Weird And Wonderful Internet Things

August 25, 2015

I haven’t written about random Internet whimsy in awhile – but that doesn’t mean I haven’t been on my ceaseless hunt to be constantly amazed by stories that are too wonderful to be fiction.

Here’s a round-up of what’s piqued my interest in recent history:

1) ‘King Lear’ performed with one man and many sheep. 

Photo by The New York Times

This is Cordelia. Really. Photo by The New York Times.

This is not a joke. It’s an actual staged adaptation of Shakespeare’s iconic tragedy that stars one actor and 9 sheep – and while it’s meant to be funny, the production’s writer and director, Heather Williams, also aimed to tap into the more complex themes of the original. Plus, how many times in your lifetime will you read a New York Times graf like this: “In an email, the play’s lead actor, Alasdair Saksena, said that the production was his first experience working with sheep and called the animals ‘remarkably punctual and calm.'”

In my dreams, I’m hopping a plane to catch the production at London’s Courtyard Theater this fall.

2) The niftiest interactive map of American literary road trips.

atlas obscura photo

When I discovered this gem, compliments of a weekly newsletter from one of my favorite publishers of whimsy, Atlas Obscura, I spent two hours on a Saturday morning ignoring my road bike and tracing the the madcap adventures chronicled in 12 American classics. The map is a living document of books ranging from Mark Twain’s ‘Roughing It’ to Cheryl Strayed’s ‘Wild,’ and “To be included, a book needed to have a narrative arc matching the chronological and geographical arc of the trip it chronicles. It needed to be non-fictional, or, as in the case of ‘On the Road,’ at least told in the first-person.”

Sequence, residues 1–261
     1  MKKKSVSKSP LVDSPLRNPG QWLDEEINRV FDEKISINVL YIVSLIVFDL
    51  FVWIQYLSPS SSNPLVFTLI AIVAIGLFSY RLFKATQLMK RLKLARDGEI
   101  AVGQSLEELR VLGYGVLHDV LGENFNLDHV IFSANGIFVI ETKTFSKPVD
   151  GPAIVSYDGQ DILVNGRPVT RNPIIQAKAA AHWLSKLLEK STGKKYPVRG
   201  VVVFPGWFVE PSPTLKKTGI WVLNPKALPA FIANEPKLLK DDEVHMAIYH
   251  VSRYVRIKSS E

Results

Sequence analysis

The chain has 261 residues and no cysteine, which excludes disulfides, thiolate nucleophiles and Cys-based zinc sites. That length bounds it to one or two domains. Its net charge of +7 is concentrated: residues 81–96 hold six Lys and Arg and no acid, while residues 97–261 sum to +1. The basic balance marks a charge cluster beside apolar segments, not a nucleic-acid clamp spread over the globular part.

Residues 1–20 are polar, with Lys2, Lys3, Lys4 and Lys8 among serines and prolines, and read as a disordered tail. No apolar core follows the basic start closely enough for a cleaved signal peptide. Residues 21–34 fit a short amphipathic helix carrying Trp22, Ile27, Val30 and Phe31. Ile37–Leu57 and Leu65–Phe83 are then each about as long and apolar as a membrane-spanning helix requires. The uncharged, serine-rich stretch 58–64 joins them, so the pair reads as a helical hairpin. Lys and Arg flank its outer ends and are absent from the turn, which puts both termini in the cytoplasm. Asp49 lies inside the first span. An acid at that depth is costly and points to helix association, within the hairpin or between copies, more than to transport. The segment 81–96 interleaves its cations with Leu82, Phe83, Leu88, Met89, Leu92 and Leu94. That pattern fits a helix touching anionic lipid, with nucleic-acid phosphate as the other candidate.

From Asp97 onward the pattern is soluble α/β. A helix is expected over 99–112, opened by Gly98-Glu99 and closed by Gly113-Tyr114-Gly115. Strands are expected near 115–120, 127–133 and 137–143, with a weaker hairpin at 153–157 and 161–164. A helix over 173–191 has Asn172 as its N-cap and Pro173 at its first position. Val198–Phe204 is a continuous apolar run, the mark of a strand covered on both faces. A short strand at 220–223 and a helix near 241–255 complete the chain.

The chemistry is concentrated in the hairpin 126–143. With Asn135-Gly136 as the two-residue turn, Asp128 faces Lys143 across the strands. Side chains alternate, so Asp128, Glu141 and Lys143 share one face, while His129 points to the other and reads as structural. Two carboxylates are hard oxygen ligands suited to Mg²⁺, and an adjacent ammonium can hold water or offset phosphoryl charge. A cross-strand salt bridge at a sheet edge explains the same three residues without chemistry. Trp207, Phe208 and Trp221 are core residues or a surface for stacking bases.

Now I simply need an entire two-week block of time to read some of the books I haven’t yet checked off my list. ‘The Cruise of the Rolling Junk’ by F. Scott Fitzgerald, anyone?

3) Dorothy’s ruby slippers at the bottom of a Minnesota lake?

ruby slippers

In a “relatively simple burglary” in 2005, a mysterious thief ran off with the pair of ruby slippers worn by Minnesota’s own Judy Garland in ‘The Wizard of Oz,’ the prized possession of the Judy Garland Museum. Rumor has it that the famed shoes were tossed into a lake at the bottom of the Tioga Mine Pit in Cohasset, Minn. – so in June, divers spent two days searching for the $2 million heels during The Wizard of Oz Festival (of course).

If this were a movie about the theft of movie shoes, then another mystery would unfold somewhere over the rainbow.